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Park City couple trains for third continental marathon in Antarctica

FILE - The Park City couple won't be seeing any penguins on their marathon run March 20 as the penguins live in another part of the continent, but will see them after the race.
The Park City couple won't be seeing any penguins on their marathon run March 20 as the penguins live in another part of the continent, but will see them after the race.

It’s a goal of Recycle Utah Executive Director Carolyn Wawra to run a marathon on all seven continents and her husband Chris Neville is joining in. Perhaps their most challenging 26.2-mile run will be next month on the most southern aspect of the world: the frozen continent of Antarctica.

In less than a month, Carolyn Wawra and Chris Neville will be one of about 150 people competing in the annual Antarctic Marathon. Why, might you ask?

“I really like running,” Wawra said. “And maybe I was getting bored with races in the US. I felt like I have done a lot… I’ve run 29 marathons and Antarctica will be my 30th and I was looking for something to do and a fun way to travel.”

Prior to this, the couple has run a marathon in South Africa through a game preserve.

“There were literally park rangers there guarding wildlife to make sure that the wildlife didn't see you as prey during the race. We didn't have any close calls. It was very safe, but you felt protected. It was a very different kind of race and a very authentic culture, like African music playing along the course. So that race kind of got us hooked on this whole continent thing.”

They will fly into Argentina and then to Ushuaia to board a small cruise ship. The crew will use a smaller dinghy boat to transport racers between the ship and the shore on race day.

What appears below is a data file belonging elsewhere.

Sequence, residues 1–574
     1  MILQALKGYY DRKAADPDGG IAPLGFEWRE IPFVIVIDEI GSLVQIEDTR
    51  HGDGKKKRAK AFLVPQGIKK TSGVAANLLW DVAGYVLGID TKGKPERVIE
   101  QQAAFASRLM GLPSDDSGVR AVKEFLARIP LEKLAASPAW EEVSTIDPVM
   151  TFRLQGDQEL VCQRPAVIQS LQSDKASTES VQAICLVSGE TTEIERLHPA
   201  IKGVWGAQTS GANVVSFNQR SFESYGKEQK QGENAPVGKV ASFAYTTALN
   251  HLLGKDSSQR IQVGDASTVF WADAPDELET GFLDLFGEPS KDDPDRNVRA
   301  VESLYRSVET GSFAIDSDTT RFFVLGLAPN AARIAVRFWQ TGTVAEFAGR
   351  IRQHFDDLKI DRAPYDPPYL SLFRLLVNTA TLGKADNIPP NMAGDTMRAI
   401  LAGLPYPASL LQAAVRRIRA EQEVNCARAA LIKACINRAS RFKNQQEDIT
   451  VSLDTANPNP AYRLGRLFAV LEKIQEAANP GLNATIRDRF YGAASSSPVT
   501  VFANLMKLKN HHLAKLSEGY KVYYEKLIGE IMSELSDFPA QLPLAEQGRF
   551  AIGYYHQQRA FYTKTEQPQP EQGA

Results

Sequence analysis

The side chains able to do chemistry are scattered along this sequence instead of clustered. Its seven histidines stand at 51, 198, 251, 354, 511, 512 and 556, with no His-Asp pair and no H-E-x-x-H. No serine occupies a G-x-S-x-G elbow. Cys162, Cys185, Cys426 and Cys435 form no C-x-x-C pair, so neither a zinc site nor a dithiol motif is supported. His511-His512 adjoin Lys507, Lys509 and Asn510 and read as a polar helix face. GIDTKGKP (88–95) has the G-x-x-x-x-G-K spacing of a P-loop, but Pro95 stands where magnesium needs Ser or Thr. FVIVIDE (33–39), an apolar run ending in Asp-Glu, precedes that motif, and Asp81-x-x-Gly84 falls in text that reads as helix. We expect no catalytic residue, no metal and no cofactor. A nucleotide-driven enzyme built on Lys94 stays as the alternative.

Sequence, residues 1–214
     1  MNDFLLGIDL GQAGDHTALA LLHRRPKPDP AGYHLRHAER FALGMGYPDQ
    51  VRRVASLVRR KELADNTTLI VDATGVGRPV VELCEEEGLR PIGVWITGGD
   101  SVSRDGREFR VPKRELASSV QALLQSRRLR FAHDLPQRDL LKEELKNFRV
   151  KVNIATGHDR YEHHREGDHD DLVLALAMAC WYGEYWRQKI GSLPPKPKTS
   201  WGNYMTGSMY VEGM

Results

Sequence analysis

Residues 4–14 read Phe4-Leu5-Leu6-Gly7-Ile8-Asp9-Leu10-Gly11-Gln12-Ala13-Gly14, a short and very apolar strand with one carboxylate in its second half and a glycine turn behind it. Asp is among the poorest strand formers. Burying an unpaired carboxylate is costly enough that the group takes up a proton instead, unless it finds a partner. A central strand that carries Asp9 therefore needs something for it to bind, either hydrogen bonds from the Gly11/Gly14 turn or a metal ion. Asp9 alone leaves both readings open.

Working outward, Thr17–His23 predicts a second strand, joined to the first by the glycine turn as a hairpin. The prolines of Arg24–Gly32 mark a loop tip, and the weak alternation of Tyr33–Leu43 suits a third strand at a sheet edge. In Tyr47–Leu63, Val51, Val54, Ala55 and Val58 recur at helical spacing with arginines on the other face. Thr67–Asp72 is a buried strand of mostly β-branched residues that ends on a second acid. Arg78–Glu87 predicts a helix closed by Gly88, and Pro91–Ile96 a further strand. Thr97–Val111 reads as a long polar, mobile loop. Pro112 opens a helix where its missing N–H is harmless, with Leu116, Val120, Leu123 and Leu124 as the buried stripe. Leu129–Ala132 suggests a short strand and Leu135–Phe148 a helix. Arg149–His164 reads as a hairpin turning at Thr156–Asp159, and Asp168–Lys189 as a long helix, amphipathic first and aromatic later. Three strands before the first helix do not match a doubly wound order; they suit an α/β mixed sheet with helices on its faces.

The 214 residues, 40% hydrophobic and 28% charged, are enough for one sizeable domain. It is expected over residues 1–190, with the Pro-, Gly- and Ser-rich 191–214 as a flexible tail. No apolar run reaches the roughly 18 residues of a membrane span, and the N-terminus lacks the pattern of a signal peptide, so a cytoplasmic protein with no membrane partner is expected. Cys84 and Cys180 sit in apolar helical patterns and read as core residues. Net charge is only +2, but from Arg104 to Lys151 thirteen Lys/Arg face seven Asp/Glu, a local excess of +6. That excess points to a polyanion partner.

“There's a rule about Antarctica, there can only be 100 runners on the continent at a time,” she said. “So, they’re shuttling people back and forth… 10 runners will finish and they’ll grab 10 more runners to go start. They make it very clear that this isn't going to be your goal race, it's not going to be PR [personal record]. It’s like we will get you on the land to run. This isn't going to be like your dream race. I think the course is like a four-ish mile loop that you do six times, and you're running between a couple of research stations.”

Daytime temperatures, she says, typically range between 25 and 45 degrees Fahrenheit. But the conditions could be extreme with freezing temperatures and icy winds. Participants are advised to bring a few pairs of running shoes as the track could be frozen, slushy or muddy.

Wawra doesn’t expect to run her fastest race; it’s all about the adventure. Her personal record is about 4.5 hours, so she’s hoping to finish within an hour of that.

After the race, they’ll have another week to explore, visit the research stations, photograph penguins and do the polar plunge into the Southern Ocean.

Their next adventure marathon destination she guesses will be South America or Europe.